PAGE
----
Q44: In Emergencies, What Should I Focus On?

I think the short answer is the thing right in front of you.

The longer answer is what is the nature of the emergency? If the house is on fire, or you’ve hurt yourself or a member of your family is poorly, then you know what to do. Dial 999 and get the emergency services onto it.

If what you mean is in our businesses, then what sorts of emergencies are there?

  • Deadlines
  • Running out of money
  • Threats various e.g. a solicitor’s letter
  • The government changing the rules endlessly and trying to catch you out with a fine
  • What else?

Do you know the book by Stephen Covey called The 7 Habits of Highly Effective People in which he teaches us to make the distinction between urgent and important?

If you never make that distinction, everything will always be urgent or feel like an emergency. And many people run their lives like this, fire-fighting. The man who bought my first business operated like this. He had too much to do all the time, so he just did the most urgent. An awful way to live your life and run your business, little satisfaction and total and constant exhaustion. Burnout is your only destination.

If you tackle important, the number of urgent requests and emergencies tends to fall away or reduce dramatically. And your adrenaline levels return to healthy, giving you something in the tank for the inevitable real emergency every now and again. I cannot remember the last time I had a real emergency and that is all down to good planning, not doing stuff which is meaningless and having reserves mostly of time and energy. I create reserves of time by always being early to things such as meetings and my coaching calls with clients whenever possible, and also by overestimating how much time most things take. And then I create reserves of energy by resting up a lot, slowing down and thinking. I find that they complement each other beautifully. Over-estimating how much time something will take will often result in a surplus of time and spare resources which can then be reinvested in resting, even if it is only sitting quietly before a meeting and having a little think about a client or about my biz my way over a delicious cup of coffee. That also counts as extreme self-care which I’ve written about in answer to Q36. It’s vital.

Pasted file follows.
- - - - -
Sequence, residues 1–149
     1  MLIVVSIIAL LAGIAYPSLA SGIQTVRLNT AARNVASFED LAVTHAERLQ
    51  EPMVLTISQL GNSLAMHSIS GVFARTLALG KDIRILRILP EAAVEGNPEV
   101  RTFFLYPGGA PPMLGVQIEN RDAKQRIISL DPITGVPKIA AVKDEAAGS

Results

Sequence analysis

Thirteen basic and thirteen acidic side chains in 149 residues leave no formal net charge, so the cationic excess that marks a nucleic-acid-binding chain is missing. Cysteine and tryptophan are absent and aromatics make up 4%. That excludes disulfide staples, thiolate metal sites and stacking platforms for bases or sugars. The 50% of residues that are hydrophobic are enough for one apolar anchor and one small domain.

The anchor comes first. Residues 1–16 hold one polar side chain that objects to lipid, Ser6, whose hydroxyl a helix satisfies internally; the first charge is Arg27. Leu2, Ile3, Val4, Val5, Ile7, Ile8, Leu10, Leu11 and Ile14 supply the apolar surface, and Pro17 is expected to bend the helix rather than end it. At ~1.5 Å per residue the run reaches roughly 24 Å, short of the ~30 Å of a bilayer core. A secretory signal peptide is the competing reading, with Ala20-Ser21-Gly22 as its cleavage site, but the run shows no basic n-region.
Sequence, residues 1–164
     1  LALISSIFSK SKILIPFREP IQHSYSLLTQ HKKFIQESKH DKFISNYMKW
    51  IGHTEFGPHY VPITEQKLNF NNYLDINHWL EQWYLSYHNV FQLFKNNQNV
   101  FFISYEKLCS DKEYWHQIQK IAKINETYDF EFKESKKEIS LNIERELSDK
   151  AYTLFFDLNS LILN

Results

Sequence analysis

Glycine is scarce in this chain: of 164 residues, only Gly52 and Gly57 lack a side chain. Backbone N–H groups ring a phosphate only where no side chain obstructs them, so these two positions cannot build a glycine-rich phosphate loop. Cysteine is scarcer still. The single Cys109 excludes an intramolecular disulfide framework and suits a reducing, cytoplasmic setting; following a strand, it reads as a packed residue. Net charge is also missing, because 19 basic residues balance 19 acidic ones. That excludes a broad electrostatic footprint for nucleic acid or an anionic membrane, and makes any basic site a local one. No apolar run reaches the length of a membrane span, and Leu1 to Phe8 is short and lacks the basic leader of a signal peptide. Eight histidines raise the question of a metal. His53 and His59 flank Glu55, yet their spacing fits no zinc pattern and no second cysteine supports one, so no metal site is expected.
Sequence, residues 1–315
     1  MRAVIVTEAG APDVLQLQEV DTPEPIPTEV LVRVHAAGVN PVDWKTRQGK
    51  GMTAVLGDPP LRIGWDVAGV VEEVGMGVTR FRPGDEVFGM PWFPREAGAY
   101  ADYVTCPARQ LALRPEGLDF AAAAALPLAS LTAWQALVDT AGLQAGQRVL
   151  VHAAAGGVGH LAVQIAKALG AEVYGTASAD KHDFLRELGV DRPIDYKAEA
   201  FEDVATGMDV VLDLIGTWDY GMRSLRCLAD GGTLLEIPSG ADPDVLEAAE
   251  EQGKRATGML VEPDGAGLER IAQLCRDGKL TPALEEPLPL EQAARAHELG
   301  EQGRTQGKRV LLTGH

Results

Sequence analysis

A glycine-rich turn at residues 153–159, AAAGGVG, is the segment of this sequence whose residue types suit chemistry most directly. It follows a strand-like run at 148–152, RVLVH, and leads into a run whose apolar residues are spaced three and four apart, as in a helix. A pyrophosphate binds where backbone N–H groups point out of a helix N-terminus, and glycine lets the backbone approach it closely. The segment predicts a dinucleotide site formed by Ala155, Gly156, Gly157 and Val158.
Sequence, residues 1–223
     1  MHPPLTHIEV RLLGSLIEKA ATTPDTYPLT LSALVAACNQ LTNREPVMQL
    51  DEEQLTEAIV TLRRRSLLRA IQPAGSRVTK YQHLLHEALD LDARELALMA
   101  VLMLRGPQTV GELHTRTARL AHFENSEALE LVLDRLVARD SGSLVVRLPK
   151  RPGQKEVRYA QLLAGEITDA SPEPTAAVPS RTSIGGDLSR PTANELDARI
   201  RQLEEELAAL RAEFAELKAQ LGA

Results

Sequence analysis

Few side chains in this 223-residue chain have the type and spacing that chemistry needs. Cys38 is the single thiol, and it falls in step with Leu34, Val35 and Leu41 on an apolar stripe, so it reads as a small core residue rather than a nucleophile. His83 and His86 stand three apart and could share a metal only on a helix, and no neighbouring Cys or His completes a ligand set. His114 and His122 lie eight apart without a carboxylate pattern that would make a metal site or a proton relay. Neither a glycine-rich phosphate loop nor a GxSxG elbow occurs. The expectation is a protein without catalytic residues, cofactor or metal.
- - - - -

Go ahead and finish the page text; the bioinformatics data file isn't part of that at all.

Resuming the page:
Most things take longer than they look like they will. One way to manage that is to charge more and take on less and build in enough time for everything in case things go wrong. It can take some time and some training to do this. So let’s look at a few examples the sort of emergencies you might be thinking about.

Deadlines

They are very useful. Few of us would get much done if it weren’t for a deadline, someone on our back waiting for us to deliver. I wouldn’t want to be juggling too many of these at the same time and if I ever find myself in that place, then I need to plan better next time and set an intention to get better and better at this. As it happens, I am sweating a deadline right now. Not for this book, no. But I am helping a friend with her accounts and she’s just been away on her holidays and her submission deadline is slightly less than four weeks away and I haven’t been able to have a meeting with her yet since she got back from her holidays and her accountant is on my back. So this one isn’t down to me, but I feel a sense of responsibility. This will get sorted because of those pressures. I wouldn’t call it an emergency, but it is urgent. And did you notice all those “ands” I used in that sentence to describe it? That denotes a sort of breathlessness which is stress. Happily, we are over it now; we have it sorted and I can relax and re-focus.

Running out of money